where $ \beta $ reflects the rate of contacts among individuals in the population and the likelihood that an encounter between an infected individual and a susceptible individual will result in spreading the virus to the susceptible individual, and $ \gamma $ is the recovery rate of infected individuals. The components of Equations (1)–(3) excluding the term in braces comprise the standard SIR model. The term in braces accounts for the fact that some infected individuals die, and are removed from the compartment of infected individuals (Keeling & Rohani, Reference Keeling and Rohani2008, p. 34). We model the effect of the number of infected individuals exceeding the capacity of the health care system with a differential mortality rate for excess cases: $ {\rho}_{lo} $ is the probability that an infected individual dies before recovering when the health care system threshold is not exceeded ($ {I}_t<\overset{\sim }{I} $), and $ {\rho}_{hi} $ is the probability of death for the excess infected cases when the threshold is exceeded ($ {I}_t\ge \overset{\sim }{I} $). Accounting for mortality, the basic reproduction number in this model is $ {R}_0=\beta N\left(1-{\rho}_{lo}\right)/\gamma $, which is the relationship we use to calibrate the contact rate $ \beta $. Note that $ {R}_0 $captures the contagiousness of the disease; it pertains to early in the outbreak when negligible fraction of population has been infected.

In our benchmark specification, we assume a basic reproduction number ($ {R}_0 $) of 2.4, which is a central value among estimates from several epidemiological studies based on early rates of spread in China and elsewhere (Ferguson et al., Reference Ferguson, Laydon, Nedjati-Gilani, Imai, Ainslie, Baguelin and Bhatia2020; Liu et al., Reference Liu, Gayle, Wilder-Smith and Rocklöv2020). An $ {R}_0 $ of 2.4 means that each infected person is expected to spread the virus to 2.4 others, on average. We use an average infectious period (which is the reciprocal of the recovery rate, $ 1/\gamma $) of 6.5 days, which is consistent with reported cases of COVID-19 from early January to early February 2020 (Lauer et al., Reference Lauer, Grantz, Bi, Jones, Zheng, Meredith, Azman, Reich and Lessler2020; Liu et al., Reference Liu, Gayle, Wilder-Smith and Rocklöv2020). These assumptions roughly match those used by the Centers for Disease Control and Prevention (CDC), based on reporting of their modeling results in popular media. We set the initial number of infections to 4165, which was the CDC official estimate of infected individuals in USA on 17 March 2020. Based on estimates of the influence of similar social distancing measures taken in Australia to combat the spread of the 1918 Spanish flu, and assuming these measures are adopted widely and maintained for the duration of the outbreak, we assume social distancing will reduce the average contact rate among individuals by 38 % (Caley et al., Reference Caley, Philp and McCracken2008). The value of reduced mortality risk (Value of Statistical Life, VSL) is taken to be $10 million, which is consistent with U.S. federal agency guidelinesFootnote 1 and recent syntheses of the mortality risk valuation literature (see Viscusi, Reference Viscusi2018; Kniesner & Viscusi, Reference Kniesner and Viscusi2019). As Viscusi (Reference Viscusi2018, p. 25) notes “[t]here is no single VSL.” The $10 million value reflects the average money-risk preferences of exposed populations over different economic conditions. For a more detailed discussion on the challenges of fine-tuning the selection of the VSL, see Chapter 8 in Viscusi (Reference Viscusi2018).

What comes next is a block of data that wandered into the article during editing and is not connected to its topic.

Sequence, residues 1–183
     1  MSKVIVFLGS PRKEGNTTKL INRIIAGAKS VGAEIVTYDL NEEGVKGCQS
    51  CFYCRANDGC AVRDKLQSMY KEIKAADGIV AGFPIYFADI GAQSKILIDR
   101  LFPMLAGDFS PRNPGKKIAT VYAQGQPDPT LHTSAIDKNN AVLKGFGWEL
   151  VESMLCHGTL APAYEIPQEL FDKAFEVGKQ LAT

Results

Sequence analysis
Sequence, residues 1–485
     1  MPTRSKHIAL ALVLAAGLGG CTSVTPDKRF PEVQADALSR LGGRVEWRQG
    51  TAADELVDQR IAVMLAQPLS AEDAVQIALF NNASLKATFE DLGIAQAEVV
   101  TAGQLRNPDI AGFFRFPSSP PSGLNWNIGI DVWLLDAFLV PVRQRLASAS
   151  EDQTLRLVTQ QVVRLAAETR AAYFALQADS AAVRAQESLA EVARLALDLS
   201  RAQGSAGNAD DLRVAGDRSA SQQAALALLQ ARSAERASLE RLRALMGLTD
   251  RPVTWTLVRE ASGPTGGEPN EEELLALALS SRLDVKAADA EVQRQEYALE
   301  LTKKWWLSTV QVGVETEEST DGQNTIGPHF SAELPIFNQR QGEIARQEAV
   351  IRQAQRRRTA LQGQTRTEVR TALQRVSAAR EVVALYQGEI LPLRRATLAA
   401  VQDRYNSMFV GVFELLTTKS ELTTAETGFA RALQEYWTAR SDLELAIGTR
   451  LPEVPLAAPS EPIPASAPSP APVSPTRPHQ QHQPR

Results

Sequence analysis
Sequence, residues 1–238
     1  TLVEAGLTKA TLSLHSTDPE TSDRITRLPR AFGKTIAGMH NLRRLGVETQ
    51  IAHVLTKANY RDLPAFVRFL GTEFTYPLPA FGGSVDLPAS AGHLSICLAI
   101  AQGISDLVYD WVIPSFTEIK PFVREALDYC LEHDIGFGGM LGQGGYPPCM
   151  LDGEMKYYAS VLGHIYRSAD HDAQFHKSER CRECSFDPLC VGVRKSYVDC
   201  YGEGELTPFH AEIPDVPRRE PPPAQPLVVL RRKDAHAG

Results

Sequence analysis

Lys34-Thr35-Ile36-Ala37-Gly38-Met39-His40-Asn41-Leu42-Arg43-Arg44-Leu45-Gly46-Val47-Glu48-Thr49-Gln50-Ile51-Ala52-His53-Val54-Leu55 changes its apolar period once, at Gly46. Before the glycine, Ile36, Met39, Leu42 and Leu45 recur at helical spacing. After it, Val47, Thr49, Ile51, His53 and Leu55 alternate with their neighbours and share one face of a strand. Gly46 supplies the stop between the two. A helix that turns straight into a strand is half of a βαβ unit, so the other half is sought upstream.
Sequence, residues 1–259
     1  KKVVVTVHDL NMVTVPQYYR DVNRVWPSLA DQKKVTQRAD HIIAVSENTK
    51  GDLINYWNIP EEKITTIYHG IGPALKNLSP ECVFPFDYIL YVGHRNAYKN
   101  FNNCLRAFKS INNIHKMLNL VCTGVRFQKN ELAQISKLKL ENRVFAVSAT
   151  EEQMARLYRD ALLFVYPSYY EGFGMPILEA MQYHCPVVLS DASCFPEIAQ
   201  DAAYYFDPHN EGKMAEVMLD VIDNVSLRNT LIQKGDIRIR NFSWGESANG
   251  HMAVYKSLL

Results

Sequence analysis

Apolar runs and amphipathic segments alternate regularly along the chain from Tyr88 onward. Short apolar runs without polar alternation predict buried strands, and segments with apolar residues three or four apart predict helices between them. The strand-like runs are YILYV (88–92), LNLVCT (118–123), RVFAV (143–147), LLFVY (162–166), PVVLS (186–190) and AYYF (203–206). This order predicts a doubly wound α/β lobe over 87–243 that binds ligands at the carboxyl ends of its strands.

To account for the possibility of overwhelming the U.S. health care system, we make a critical assumption that the system has sufficient resources to provide adequate treatment for one half of the maximum number of individuals who would be infected at any one time in an uncontrolled scenario, with no social distancing to slow the spread of the virus. In the benchmark case, this threshold is $ \overset{\sim }{I}= $ 36 million infected people. We assume that the mortality rate for infected individuals who are treated when the threshold is not exceeded (i.e., when the health care system is not overwhelmed) is $ {\rho}_{lo}= $ 0.5 %, and the mortality rate above the threshold is $ {\rho}_{hi}= $ 1.5 %. While these assumptions were made independently, the first assumption appears to be in line with initial findings by the Harvard Global Health Institute (HGHI, 2020) and reporting in the New York Times on U.S. hospital bed capacity in the face of COVID-19 (Sanger-Katz et al., Reference Sanger-Katz, Kliffs and Parlopiano2020), and the assumed mortality rates appear to lie within the range employed by the CDC modeling, as reported in popular media.